This is a story every expert marketing and campaign managers is well familiar with. Thanks to plenty of work and elbow grease, a fantastic campaign goes live. Leads start coming in and it all looks promising, when the sales staff suddenly starts complaining: “Your leads aren’t good! They’re irrelevant!” That’s when most people point the finger at advertising, beginning a long line of changes and optimizations. But are they even looking at the right place?
This is a tale of a medium-sized company that reaped the demand from Google’s search network over a number of years. Each and every inquiry that it received was amazingly exact. After all, people were looking for a solution, and they found it. The inquiry-to-closure ratio was fantastic, marketing and sales were satisfied, and all was well. The company expanded through the years and thus came the appetite for more – more leads and more sales. But as anyone who has mastered Google’s search network knows, its available demands cannot exceed its monthly search volume, limiting our ability to significantly scale activities.
In light of its ambitious growth targets, the company’s obvious next step was creating a new marketing channel, i.e. Facebook. Its campaign was meticulously planned, its infrastructure was soundly built and its sales staff readied itself to increased activity. The company’s new Facebook activity was up and running.
Not a week went by when all people involved began fidgeting in their seats. Leads came in, and plenty of them, but closures and sales were a different matter. Results were underwhelming, especially considering the numbers senior staff were used to seeing. What’s more, sales staff began repeatedly complaining about “bad” leads.
Bad? We mean horrible, terrible, irrelevant.
That’s when the company’s marketing manager asked its advertising agency to change, optimize and reevaluate their audiences, landing pages and messages. In short, he asked the agency to take a good, hard look at the entire campaign. Changes were done and redone, but results remained the same. At this point the advertising agency asked to stop and look at things from a somewhat different angle. They asked their client’s sales staff to prepare a report of the leads generated by the campaign, making it as detailed it possible (“irrelevant”, for example, was insufficient for this purpose). Once they analyzed the report, they came to realize the full picture: the company’s sales staff was handling leads generated by their Facebook campaign using the same procedures and scripts used for leads that had been previously generated by Google.
Why is that even a problem? What’s so special about Facebook leads that required sales staff to change their procedures and build new sales scripts for their new marketing channel?
Now’s the time to talk about the essential differences between pull marketing and push marketing.
Push vs. Pull: What’s it all about?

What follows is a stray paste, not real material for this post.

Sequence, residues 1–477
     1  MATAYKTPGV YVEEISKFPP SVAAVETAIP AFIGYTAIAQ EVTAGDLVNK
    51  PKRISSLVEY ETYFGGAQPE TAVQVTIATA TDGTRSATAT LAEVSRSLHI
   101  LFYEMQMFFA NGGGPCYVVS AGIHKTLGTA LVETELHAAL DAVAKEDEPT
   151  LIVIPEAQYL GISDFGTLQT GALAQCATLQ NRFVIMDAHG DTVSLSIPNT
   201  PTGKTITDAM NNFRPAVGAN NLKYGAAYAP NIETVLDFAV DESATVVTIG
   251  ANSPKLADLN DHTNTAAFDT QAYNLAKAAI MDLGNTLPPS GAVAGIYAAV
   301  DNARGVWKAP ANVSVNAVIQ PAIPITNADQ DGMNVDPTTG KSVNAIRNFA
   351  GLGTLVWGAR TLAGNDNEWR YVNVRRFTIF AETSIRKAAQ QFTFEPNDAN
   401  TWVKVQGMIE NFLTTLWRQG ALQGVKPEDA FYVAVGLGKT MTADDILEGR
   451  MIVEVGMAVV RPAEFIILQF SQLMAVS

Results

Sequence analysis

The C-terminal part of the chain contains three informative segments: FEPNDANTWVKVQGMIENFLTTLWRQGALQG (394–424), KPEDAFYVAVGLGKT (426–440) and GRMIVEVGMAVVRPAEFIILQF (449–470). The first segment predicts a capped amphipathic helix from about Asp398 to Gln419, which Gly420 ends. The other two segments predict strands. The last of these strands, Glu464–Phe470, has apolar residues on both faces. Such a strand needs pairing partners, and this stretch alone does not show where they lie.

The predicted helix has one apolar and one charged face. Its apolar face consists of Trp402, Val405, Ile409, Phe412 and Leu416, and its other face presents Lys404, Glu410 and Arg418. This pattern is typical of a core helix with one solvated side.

In the world of digital marketing we distinguish between two kinds of marketing. The first, push marketing, is very similar to the world of traditional offline marketing. When we talk about push advertising, we mean marketing that is “pushed” towards the user at the time and place of the advertiser’s choosing, without any activity done by the user. It can be an ad banner on Ynet, an ad on Facebook or a video ad on Youtube: any advertising that is shown to the user by surprise is push advertising.
Conversely, the world of digital marketing, especially Adwords and Google’s search network, brought pull advertising – which is triggered by a user who is looking for information – into the world. Pull advertising is unobtrusive, since it is displayed as an answer to the user’s questions and needs.
Naturally, sales opportunities that are created by pull channels will usually be the better of the two, since potential customers seek, find and inquire just when they need us. With push advertising, on the other hand, users react to advertising for which they were unprepared. Yet, when it is attractive, interesting and relevant enough for them, push advertising motivates them to inquire about products or services they didn’t think they needed or were not necessarily planning on purchasing.
Of course, leads generated by push advertising (e.g. Facebook ads) become more relevant whenever its messages are tailored to its target audiences more exactly and its value propositions are more attractively, yet almost every analysis we’ve done on Facebook leads and other push channels in comparison to Google search ads has shown that push advertising is almost always more relevant and has a better closure ratio.
We’ll focus on the two most important digital advertising platforms, which are both used by almost any business that has a sizeable advertising budget. Even so, the principles we’ll discuss can and should be applied to each advertising channel individually according to its unique features.
The Battle of the Ad Giants: Google vs. Facebook
Google: Who comes from it and why do they reach me?
Google’s search network uses a pull model, and this is the essential and most important difference between it and Facebook. Google’s customers are active, they’re aware of their needs, and they seek out the business, service or product that will best meet their needs as quickly as possible and at the lowest possible cost.
If you’ve been following us for a long time, you undoubtedly know that we love using a model that simplifies customer journey, starting at the stage in which customers have never heard of us and ending at the stage in which they purchases from us:
- Awareness: Who are we and what value do we bring into the world?
- Consideration: Why Us?
- Conversion: Why Now?
According to this model, customers that reach us using Google’s search network are usually at the final stage of this model, i.e. conversion, and are accordingly ready to purchase our service or product. Competition over this audience’s attention is mostly centered on the desire to appear higher in the search engine result page than our competitors do, using a highly attractive ad that will generate a higher click ratio and take users to a precise landing page which will convince them to leave their contact details or make a purchase.
Now, you must be asking yourselves: “But what about comparison shopping?” True, there are cases in which the customer is still in the consideration or even awareness stage. We will not delve into it deeply here, but simply note that search queries start broadly and generally and become more narrow and precise as the purchase process progresses. This can be illustrated using the difference between “what kind of running shoes to buy”, which is an awareness and consideration query and “Adidas Ultraboost price” or ” where to buy Nike Pegasus”, which have a very clear purchasing intent.
Additionally, Google has other marketing channels apart from its search network, the most prominent of which is its delivery network (GDN), which allows us to show ads to our target audience even they don’t search, but we’ll leave this subject to another article.